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Media Justice for Indian Country

FLAGSTAFF, AZ – Most people may not realize that nearly 60 radio stations and 4 or more television stations dot Indian Country, filling broadcast and Internet airwaves with information and data critical to the nation building efforts of Tribes and to the decision making of their citizens.

In 2010, Loris Taylor, President and CEO of Native Public Media, participated in the Aspen Institute Forum on Communications and Society, contributing to the News Cities: The Next Generation of Healthy Informed Communities report. This report detailed the worst of times for the news business and the best of times including the expansion of online information sources.

The Aspen report also detailed explicit recommendations such as strengthening public media, increasing transparency and information availability, providing universal broadband access, promoting digital and media literacy, and expanding public engagement.

The road since 2010 of building healthy informed tribal communities for the next generation by Native Public Media has been challenging, often expensive, but steady and focused.

“Media justice for Indian Country is making sure that tribal citizens have access to education in multiple literacies including media literacy. We all need credible information and data provided on multiple platforms so that our Tribal governments and citizens are fully engaged as members of Tribal societies and global communities,” states Taylor.

In 2018, Native Public Media and Northern Arizona University’s School of Communications partnered on a grant to offer the first Media Justice Training in Arizona to grow Tribal citizen reporters with the help of seasoned journalists who serve as mentors for the project. Among the mentors is well-known journalist, Marley Shebala, who has more than 28 years of experience covering stories on the Navajo reservation.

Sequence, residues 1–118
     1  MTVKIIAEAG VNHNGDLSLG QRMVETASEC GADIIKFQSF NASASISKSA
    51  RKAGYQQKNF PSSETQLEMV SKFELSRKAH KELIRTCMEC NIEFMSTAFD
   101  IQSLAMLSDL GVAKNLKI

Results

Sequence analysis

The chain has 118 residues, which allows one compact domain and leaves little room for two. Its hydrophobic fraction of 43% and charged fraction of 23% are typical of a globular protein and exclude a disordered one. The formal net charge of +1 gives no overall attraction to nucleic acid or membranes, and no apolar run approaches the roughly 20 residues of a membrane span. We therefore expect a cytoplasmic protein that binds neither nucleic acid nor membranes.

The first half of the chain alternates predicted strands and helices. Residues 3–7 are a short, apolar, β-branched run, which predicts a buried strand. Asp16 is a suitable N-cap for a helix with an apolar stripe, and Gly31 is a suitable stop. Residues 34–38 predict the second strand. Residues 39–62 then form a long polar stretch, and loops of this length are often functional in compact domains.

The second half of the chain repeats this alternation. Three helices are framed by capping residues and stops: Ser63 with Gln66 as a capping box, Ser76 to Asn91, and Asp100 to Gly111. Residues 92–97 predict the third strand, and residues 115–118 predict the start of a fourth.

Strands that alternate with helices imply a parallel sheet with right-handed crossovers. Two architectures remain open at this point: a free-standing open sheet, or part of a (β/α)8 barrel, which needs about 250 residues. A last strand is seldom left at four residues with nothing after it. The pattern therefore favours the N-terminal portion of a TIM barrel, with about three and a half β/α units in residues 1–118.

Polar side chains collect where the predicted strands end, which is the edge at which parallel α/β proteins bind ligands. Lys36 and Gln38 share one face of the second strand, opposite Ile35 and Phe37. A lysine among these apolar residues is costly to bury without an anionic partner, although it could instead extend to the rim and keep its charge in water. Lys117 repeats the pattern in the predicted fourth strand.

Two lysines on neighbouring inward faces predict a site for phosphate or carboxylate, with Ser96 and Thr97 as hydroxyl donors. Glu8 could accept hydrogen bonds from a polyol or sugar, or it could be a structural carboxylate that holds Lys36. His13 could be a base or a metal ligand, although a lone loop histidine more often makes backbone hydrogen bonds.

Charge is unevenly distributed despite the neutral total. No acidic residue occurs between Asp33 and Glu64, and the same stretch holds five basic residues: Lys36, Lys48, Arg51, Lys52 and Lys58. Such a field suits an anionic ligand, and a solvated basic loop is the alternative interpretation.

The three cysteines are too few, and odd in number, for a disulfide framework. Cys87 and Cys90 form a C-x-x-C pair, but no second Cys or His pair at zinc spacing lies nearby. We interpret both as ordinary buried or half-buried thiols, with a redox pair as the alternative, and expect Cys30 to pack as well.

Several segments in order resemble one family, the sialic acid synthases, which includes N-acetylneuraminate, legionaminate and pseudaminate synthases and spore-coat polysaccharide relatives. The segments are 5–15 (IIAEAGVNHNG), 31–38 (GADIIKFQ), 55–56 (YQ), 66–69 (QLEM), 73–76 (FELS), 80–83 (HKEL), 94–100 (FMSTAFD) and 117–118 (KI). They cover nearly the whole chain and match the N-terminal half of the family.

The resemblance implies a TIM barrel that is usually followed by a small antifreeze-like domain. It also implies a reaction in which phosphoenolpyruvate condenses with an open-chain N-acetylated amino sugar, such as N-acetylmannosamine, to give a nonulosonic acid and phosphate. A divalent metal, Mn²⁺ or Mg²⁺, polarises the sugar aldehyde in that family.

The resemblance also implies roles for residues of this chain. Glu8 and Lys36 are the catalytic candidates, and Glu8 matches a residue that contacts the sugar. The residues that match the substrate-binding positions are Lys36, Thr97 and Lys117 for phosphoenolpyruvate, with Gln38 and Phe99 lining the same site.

Broadcast and digital platforms provide a voice for Native Americans on local issues that mainstream media often does not carry. Nearly every participant at the Media Justice training cited Standing Rock as a clear example of an event that catalyzed activism about clean potable water but also as an example of a story that was not covered by mainstream media until events turned dire for the water protectors.

“Internet and broadcast technologies are powerful because they help people communicate, learn, and organize around social justice issues regarding equity, parity, power, and ownership about what matters to us like health insurance, assaults on tribal sovereignty, the right to vote, and other broader struggles like clean water. Media Justice is about our right as Tribal peoples to speak and be heard on these issues before decisions are made,” explains Taylor.

The goal of the Media Justice training was to teach Tribal citizen reporters on how to use less expensive equipment to cover stories from geographically remote tribal communities and to upload these stories to social media.

The training also included the teaching of lessons from Native Public Media’s First Amendment Protectors Curriculum that is scheduled for publishing and release in the first quarter of 2019. Over twenty tribal citizens from Arizona attended the training that included a panel discussion on media justice in Indian Country.

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